SOCIAL MEDIA GIANTS Google and Facebook have asked the US FISA court for permission to reveal more about US government authorities' snooping in their transparency reports.
Google submitted a petition to the court on Monday. In it Google asked for permission to report more information about US national security data demands.
This was not its only request, as the search firm also asked the court and US national security agencies to be more open. It is an amended request, according to the introductory post from Google.
"This petition mirrors the requests made to Congress and the President by our industry and civil liberties groups in a letter earlier this year. Namely, that Google be allowed to publish detailed statistics about the types (if any) of national security requests we receive under the Foreign Intelligence Surveillance Act, including Section 702," it said.
"Given the important public policy issues at stake, we have also asked the court to hold its hearing in open rather than behind closed doors. It's time for more transparency."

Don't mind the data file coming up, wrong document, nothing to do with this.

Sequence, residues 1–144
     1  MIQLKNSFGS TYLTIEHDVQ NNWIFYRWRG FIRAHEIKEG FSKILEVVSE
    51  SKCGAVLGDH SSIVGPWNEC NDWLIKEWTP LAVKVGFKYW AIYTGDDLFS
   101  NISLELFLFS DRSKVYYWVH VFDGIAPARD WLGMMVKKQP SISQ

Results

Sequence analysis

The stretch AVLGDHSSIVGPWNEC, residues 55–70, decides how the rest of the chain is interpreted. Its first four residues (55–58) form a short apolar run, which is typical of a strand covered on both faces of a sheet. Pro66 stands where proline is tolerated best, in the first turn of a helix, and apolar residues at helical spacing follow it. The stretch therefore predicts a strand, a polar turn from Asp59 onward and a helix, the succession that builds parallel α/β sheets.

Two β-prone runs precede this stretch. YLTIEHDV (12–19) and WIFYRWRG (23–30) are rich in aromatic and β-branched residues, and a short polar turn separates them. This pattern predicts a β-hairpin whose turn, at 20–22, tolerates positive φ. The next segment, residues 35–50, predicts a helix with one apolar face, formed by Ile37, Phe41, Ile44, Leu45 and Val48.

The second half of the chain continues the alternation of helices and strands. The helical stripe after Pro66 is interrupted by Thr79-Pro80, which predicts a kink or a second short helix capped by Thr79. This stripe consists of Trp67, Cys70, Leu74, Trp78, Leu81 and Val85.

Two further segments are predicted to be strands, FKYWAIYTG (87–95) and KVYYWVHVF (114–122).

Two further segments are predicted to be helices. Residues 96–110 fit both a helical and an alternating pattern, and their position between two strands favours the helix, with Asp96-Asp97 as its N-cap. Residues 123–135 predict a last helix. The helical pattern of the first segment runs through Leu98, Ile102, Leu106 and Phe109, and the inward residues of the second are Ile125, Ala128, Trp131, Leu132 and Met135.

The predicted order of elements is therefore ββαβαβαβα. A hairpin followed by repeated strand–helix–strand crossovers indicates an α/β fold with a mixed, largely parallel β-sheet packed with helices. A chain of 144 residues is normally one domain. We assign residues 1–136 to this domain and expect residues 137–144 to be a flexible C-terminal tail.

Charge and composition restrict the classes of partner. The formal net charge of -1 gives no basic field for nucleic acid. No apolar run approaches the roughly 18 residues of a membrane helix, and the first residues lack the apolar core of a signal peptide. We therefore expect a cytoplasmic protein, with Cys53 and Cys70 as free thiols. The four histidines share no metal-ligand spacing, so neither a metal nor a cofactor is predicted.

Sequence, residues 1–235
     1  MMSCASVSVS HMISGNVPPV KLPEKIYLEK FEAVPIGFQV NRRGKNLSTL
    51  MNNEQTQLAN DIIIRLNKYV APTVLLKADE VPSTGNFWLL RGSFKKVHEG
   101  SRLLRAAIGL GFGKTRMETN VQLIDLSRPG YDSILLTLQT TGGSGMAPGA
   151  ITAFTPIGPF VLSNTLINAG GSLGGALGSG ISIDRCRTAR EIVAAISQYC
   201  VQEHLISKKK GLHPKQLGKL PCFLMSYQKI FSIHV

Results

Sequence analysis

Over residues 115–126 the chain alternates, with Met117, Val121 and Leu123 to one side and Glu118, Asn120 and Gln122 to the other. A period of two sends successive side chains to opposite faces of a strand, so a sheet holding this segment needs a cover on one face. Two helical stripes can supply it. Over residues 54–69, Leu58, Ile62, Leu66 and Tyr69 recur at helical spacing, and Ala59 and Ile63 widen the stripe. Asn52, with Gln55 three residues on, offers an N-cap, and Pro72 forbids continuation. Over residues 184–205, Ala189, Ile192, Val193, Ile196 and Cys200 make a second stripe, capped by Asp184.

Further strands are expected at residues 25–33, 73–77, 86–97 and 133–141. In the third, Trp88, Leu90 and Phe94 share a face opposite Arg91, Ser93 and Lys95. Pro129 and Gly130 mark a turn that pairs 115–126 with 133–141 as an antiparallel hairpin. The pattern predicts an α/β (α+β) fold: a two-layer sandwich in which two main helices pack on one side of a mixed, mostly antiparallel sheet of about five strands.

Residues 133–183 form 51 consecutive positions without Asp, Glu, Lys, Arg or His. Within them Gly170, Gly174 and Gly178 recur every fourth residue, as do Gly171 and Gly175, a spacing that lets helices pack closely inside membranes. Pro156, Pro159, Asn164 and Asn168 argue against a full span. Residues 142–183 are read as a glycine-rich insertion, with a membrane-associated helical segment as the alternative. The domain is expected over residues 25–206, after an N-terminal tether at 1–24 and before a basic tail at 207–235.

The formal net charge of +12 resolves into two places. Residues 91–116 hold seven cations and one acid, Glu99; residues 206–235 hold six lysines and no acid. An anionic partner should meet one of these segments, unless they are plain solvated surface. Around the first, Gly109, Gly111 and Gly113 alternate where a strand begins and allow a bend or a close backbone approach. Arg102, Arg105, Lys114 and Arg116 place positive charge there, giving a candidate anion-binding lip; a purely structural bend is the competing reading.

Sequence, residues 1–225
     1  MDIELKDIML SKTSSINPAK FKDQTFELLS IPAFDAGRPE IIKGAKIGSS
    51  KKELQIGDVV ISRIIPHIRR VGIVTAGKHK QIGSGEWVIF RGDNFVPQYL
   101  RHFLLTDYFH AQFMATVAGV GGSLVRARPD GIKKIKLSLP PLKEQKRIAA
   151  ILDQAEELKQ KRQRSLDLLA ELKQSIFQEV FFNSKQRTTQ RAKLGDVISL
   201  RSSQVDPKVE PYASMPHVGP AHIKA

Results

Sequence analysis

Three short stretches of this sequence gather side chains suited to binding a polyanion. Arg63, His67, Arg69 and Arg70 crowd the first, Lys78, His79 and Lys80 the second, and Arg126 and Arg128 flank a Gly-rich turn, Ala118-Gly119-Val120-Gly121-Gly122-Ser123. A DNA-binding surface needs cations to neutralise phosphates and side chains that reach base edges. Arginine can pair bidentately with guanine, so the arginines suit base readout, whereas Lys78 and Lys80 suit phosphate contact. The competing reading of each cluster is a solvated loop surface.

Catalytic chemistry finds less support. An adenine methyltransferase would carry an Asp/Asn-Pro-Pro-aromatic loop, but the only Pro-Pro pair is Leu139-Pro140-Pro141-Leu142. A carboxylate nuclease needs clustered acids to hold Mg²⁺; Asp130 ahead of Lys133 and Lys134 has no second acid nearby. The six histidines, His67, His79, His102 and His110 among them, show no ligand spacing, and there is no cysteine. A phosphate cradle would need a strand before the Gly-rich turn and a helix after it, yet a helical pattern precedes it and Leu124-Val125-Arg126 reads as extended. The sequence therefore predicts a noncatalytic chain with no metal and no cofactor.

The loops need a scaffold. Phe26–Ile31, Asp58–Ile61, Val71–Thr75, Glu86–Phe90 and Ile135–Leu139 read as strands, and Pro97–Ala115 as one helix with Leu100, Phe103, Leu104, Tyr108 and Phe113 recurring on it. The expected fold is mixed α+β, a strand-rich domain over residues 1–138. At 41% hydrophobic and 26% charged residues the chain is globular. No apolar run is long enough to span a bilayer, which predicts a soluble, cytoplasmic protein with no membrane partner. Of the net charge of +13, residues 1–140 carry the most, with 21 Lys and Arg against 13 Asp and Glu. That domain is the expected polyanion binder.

Google said it was not alone in making the petition, and Facebook has joined Google with its own statement on the subject.
"The actions and statements of the US government have not adequately addressed the concerns of people around the world about whether their information is safe and secure with internet companies," Facebook said.
"We believe there is more information that the public deserves to know, and that would help foster an informed debate about whether government security programmes adequately balance privacy interests when attempting to keep the public safe."
All of the firms have complained that they are constrained from reporting data about US national security requests, and have said as much in their transparency reports. Yahoo released its first such report this month and it too reported that it was not presenting a full picture. µ
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